NASA's Subsidiaries And Their Locations

NASA inherited its Man in Space Soonest program from the US Air Force. The program considered many crewed spacecraft designs ranging from rocket planes like the X-15 to small ballistic space capsules.

The NASA logo is portrayed on the outside of the Vehicle Assembly Building at Florida's Kennedy Space Center, where spacecraft are prepped for flight. It is one of NASA's most well-known facilities. On July 1, 1962, it was titled the Launch Operations Center, but on November 29, 1963, it was renamed. The first seven astronauts were chosen from test pilot programs and they were people from the Navy, Air Force, and Marine Corps. Alan Shepard was the man who became the first American in space aboard a capsule he dubbed Freedom 7 on May 5, 1961, which was launched on a Redstone launcher for a 15-minute suborbital trip.

On February 20, 1962, onboard Friendship 7, John Glenn became the first American to be sent into space using an Atlas launch vehicle. Glenn completed three whole orbits, and then three more orbital flights followed, culminating in L. Gordon Cooper's 22-orbit voyage aboard Faith 7 on May 5 and 6, 1963.

The Soviets deployed the first-ever artificial satellite to be launched into space on October 4, 1957

NASA's Work And Role

National Aeronautics and Space Administration is the name for the autonomous federal government agency of the United States that is in charge of famous civilian space programs, aeronautics, and space research.

NASA's mission has evolved significantly throughout the many decades since its beginnings. NASA has also deployed communication satellites in addition to exploration satellites. Spacecrafts have been launched straight from Earth or from orbiting space shuttles, deploying a satellite or carrying it further with a rocket stage.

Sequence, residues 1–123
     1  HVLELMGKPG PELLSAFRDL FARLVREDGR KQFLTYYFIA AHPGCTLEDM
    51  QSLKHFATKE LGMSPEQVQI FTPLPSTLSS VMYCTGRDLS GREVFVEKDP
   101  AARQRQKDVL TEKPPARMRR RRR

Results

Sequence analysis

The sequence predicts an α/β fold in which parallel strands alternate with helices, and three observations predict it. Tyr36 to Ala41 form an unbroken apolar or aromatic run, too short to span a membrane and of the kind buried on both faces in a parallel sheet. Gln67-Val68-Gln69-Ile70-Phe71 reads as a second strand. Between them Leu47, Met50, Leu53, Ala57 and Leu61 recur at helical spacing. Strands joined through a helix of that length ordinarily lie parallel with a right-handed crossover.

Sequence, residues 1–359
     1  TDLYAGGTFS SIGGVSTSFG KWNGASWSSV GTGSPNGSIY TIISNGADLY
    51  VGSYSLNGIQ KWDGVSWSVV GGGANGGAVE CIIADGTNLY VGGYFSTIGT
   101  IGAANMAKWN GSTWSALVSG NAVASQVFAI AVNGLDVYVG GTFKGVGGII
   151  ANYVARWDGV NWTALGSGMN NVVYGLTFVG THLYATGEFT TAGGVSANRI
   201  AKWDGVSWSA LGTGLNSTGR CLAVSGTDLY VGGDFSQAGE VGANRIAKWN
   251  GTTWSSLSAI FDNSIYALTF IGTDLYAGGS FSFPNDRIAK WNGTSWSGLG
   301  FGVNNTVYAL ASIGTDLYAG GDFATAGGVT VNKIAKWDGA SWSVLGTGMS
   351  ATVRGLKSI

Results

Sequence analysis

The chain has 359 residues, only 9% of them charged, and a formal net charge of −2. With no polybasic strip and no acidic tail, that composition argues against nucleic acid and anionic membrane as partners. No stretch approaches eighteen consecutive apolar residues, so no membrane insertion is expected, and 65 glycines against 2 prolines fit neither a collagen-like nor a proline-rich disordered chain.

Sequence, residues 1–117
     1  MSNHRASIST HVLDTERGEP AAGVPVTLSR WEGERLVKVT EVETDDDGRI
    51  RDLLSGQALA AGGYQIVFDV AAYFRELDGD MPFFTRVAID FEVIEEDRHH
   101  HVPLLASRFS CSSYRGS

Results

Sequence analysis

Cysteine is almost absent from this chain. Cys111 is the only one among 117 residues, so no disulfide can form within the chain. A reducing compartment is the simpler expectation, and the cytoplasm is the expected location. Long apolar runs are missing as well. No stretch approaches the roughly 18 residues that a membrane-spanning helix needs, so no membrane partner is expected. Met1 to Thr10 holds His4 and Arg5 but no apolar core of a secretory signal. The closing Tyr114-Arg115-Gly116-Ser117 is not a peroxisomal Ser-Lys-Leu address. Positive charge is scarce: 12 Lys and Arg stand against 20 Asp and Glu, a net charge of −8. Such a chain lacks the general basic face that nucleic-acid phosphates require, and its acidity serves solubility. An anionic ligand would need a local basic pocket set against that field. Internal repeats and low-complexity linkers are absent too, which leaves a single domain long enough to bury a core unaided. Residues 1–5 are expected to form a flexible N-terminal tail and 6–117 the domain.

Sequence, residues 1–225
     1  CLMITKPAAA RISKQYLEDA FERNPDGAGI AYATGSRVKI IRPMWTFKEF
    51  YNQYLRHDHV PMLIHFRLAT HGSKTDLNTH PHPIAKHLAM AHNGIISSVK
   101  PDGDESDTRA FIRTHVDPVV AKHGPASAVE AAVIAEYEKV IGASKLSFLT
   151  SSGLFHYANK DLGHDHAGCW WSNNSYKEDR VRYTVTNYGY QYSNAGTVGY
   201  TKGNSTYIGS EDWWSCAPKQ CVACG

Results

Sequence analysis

In space, astronauts undertake scientific research. Space probes research the solar system and beyond. NASA provides training to teachers to assist them in discovering innovative approaches to teach science, technology, engineering, and mathematics. Students are also involved in NASA missions to assist them in becoming more interested in studying.

NASA assists instructors in preparing kids to become engineers, scientists, astronauts, and other NASA team members by investing in programs and activities that excite students and educators alike. Their headquarters are in Washington, DC, but they have nine locations spread throughout multiple states that house around 17,000 working people.

Video Games By NASA

Here are a few NASA-released video games that you should try to experience what it is like to be an astronaut!

Artemis includes 'Spaceship Bridge Simulator', 'Kinetic Void', 'Liftoff', 'Microsoft Space Simulator', 'Eagle Lander 3D', and 'Hellion'.

'Buzz Aldrin's Race Into Space' is more a turn-based strategy sim than a space flight simulator.

'Iron Sky: Invasion' is what the official video game expansion to the 2012 science fiction film 'Iron Sky' is called. It combines space warfare simulation with strategic and role-playing game aspects.

'Noctis' occurs in a fictitious environment with futuristic/fictional elements like planetary landings and intelligent aliens. There are no weapons or fighting.

Written By
Mellisa Nair

<p>Specializing in the creation of SEO-friendly content, Mellisa brings enthusiasm and expertise to our team. Her work in digital marketing and social media is complemented by her academic background in economics and English literature, as she holds a Bachelor's degree in these subjects from Wilson College Chowpatty, Mumbai. Mellisa's experience working with clients from various industries, including retail, education, and technology, reflects her ability to adapt her skills to different contexts and audiences.</p>